WHAT A SCORCHER Tourists come from near and far to stand in lines at Madame Tussaud's. Daisy Waugh joins them A WOMAN from Frankfurt told me that it gets like this during...

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The Spectator

A French cry for help to repel American verbal borders PAUL JOHNSON T he latest sign of French official despair at the state of their language is a preposterous proposal from...

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The Spectator

A house is a machine for living in, so price wars grease its wheels CHRISTOPHER FILDES N ot being a banker or a builder or a Conservative candidate, I like to think that...

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A credit to the Swiss

The Spectator

Sir: Christopher Fildes' considerations on the collapse of Barings (City and Subur- ban, 22 July) is deeply unfair in at least one respect: 'You might ask how this sea- going...

LETTERS Patients come first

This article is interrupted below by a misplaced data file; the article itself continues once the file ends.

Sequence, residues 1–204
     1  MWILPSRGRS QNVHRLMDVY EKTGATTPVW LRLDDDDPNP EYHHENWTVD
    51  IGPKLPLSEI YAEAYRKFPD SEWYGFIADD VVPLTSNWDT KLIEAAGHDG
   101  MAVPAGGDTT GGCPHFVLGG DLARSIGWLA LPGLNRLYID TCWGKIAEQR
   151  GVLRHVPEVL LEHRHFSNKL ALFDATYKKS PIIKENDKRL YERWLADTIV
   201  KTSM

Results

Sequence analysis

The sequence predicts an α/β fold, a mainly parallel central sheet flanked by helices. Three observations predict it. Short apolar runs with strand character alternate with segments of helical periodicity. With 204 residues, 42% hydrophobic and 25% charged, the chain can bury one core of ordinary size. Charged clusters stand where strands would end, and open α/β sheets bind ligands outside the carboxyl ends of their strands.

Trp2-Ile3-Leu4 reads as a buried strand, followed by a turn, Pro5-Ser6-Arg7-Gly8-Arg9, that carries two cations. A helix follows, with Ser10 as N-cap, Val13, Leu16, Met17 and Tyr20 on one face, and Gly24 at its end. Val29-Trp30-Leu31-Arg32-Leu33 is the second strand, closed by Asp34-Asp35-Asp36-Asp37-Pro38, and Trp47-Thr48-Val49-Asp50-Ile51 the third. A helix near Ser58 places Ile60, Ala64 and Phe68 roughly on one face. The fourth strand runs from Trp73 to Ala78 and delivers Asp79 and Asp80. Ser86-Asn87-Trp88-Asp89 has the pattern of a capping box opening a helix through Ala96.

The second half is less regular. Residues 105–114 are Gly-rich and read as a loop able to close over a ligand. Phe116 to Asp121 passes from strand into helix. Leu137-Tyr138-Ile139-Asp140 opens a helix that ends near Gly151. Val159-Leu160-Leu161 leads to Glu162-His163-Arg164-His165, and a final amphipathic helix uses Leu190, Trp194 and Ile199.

The Spectator

Sir: Alasdair Palmer's article (Now then, what seems to be the trouble?', 29 July) contains several errors and half-truths. He asserts that the GMC has put the protec- tion of...

Ineffectual aid

The Spectator

Sir: Auberon Waugh is, of course, right to say that a great deal has been done to allevi- ate the suffering of Bosnians (Another voice, 5 August). What I had meant to write was...

His Baroness's voice

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Sir: Robin Harris ('This man is dangerous', 29 July) is wrong to accuse the Foreign Sec- retary of agnosticism on the question of devolution. Malcolm Rifkind has consistently...